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How to Collect Seeds From Flowers


Many perennials are easier to propagate by divisions or cutting. Perennials like hostas and day lilies that may produce good quantities of seed may take several years to produce blooms from seed-started plants. Seeds, on the other hand, may hold the genetic code for new "sports" or varieties.

Chill but don't freeze your seeds until planting time. Seeds lack natural insulators against the dehydration that occurs in the refrigerator that seed pods and dirt provide in nature.


Unprotected seed collections attract field mice, spiders, ants and other winter visitors.

Some seed pods have defenses against predators; hollyhocks have sliver-like fibers that can irritate the skin. Dried seed pods often have sharp edges. Wear garden gloves when handling pods and chaff.

Many of us have often thought about collecting seeds to grow our own flowers next year. Perhaps it’s time to experiment. Keep in mind that you may not get what you expect. Hybrid species do not always reproduce and bees are notorious for tromping through any pollen they come across. The adventure for the gardener that begins with seed collection from this year’s garden may lead to more flowers like this years’ crop, outlandish throwback varieties or even new, improved hybrids.

Allow blooms to fade and seed pods to form. Cutting flowers and deadheading blown blooms not only tidies up flower plants, it also prevents plants from “going to seed” and extends the period of bloom. To have seeds to harvest, allow a few branches or scapes to go through the complete cycle of seed production to form seed cases and pods.

Protect the pods and allow them to dry completely before you harvest them. If the seed pods are in a place where they get knocked around, tie a nylon stocking toe or piece of open-weave fabric like tulle or nylon net around the stalk to catch seeds.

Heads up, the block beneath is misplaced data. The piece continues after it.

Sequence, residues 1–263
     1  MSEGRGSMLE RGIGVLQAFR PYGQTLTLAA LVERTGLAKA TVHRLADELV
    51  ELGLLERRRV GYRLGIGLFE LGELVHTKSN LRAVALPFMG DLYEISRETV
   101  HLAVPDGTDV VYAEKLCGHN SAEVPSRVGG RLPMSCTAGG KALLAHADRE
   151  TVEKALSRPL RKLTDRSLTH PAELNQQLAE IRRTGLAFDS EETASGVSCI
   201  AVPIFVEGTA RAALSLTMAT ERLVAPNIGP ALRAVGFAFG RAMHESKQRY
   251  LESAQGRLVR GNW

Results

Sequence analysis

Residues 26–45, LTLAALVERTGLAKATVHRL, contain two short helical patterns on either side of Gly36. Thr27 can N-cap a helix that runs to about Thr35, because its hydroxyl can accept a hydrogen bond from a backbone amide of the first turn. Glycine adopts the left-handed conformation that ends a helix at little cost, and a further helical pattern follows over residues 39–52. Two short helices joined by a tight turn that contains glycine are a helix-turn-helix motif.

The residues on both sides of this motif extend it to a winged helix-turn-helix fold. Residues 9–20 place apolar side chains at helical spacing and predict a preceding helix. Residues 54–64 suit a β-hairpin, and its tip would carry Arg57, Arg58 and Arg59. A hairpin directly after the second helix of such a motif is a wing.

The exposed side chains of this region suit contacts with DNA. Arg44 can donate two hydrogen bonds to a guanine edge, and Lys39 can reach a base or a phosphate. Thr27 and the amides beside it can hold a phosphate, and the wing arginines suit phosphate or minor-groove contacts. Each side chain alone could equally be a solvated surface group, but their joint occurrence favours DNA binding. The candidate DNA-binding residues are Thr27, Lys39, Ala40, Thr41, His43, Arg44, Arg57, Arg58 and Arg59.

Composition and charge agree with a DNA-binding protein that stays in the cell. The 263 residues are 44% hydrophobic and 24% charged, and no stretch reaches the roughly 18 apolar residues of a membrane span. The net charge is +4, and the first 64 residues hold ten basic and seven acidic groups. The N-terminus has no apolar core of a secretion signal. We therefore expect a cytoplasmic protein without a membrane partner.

Harvest pods by snapping or snipping seed heads into small containers like aerosol can tops, prescription bottles or cardboard jewelry boxes and larger branches into bowls or shoe boxes. Use any clean collection receptacle that does not have seams into which the seeds can disappear. Collect one species at a time so that you don’t mix them up.

Break or shake seed heads onto a piece of white paper to dislodge all the seeds. If they don’t fall out naturally, they aren’t ripe enough; let them sit in a warm, dry place to finish drying. Pick out the “chaff’—the leftover parts of the seed pod, stems as well as any stray insects that may have ridden in on the seed pods.

Store seeds in paper envelopes. Label each envelope with the name of the variety harvested (plus the Latin name if you’re participating in a seed-trading co-op) and the date you harvested them. Small coin envelopes are available at office supply stores; you can make your own or use small business envelopes. Store the envelopes in a cool, dry place like the refrigerator. If you keep them in the basement or garage, pack the envelopes into a shoebox or plastic coffee can to keep the insects away. If mice are a problem, use a coffee can or clean paint to protect your seeds.

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